News & Events
You’re not writing for yourself, you’re writing for your reader
Readers, without knowing it, expect information to appear in certain places throughout a text. Good writers consider these expectations when putting together a manuscript. In this 5-part series, based on the classic article by Gopen and Swan, we’ll look at some of the elements you can use to address these expectations and improve the readability of your manuscript.
Writing well involves a lot of practice, but one of the first ways to start improving your writing is through good grammar. Every two weeks we’ll look at a new language problem and learn some tricks for getting it right, and when exceptions should be made. What areas do you find tricky when writing? Let us know in the comments!
Which or That?
These days, you can find just about anything and anyone on the internet. With more and more information being distributed via the web, diverse communities of users have developed to help share information through social media. But what about academics? Many publishing outlets have been quick to embrace social media but uptake by the larger academic community is still limited.
When writing manuscripts for publication, there are many important details that need to be included to present a well balanced, comprehensive description of your work. One of the most important but often underrated of these details is the limitations section of your manuscript. Many authors often experience difficulty writing about the limitations of their work or are reluctant to include them at all.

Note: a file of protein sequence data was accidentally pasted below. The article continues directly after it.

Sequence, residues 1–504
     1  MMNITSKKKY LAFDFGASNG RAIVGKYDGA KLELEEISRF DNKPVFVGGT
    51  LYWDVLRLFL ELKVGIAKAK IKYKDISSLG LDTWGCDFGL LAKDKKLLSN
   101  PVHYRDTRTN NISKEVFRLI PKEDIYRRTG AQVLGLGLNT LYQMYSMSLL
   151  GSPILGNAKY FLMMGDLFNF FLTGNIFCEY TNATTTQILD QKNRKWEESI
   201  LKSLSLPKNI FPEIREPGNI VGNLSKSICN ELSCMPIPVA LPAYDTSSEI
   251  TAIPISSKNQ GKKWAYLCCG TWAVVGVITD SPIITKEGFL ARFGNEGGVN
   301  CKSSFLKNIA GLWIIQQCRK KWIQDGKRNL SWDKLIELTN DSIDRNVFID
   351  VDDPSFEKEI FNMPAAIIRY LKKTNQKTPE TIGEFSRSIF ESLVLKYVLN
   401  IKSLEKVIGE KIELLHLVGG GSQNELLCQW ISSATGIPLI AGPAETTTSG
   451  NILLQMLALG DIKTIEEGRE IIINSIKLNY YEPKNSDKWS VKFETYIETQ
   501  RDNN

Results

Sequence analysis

Last month in our Resource Roundup we looked at some of our favourite online tools to help you work more efficiently. This month we thought we’d change gears and focus on online resources that can help you keep up with all the latest news in publishing. There are far too many journals to keep up with on an individual basis, and with new high-profile retractions and changes in the publishing industry happening at a fairly constant rate, it’s important to stay up-to-date.
Being listed as an author on a published article is one of the main goals of scientific research. Each listed author had a significant role to play in a study and has responsibility for the work presented; however, journals are now starting to ask for an author to be named the overall ‘guarantor’ of the paper. It can be a bit confusing to differentiate the role of an ordinary author vs the corresponding author vs a guarantor, so today we take a look at these key authorship roles and try and make sense of each of their responsibilities and who to list for each category on the manuscript.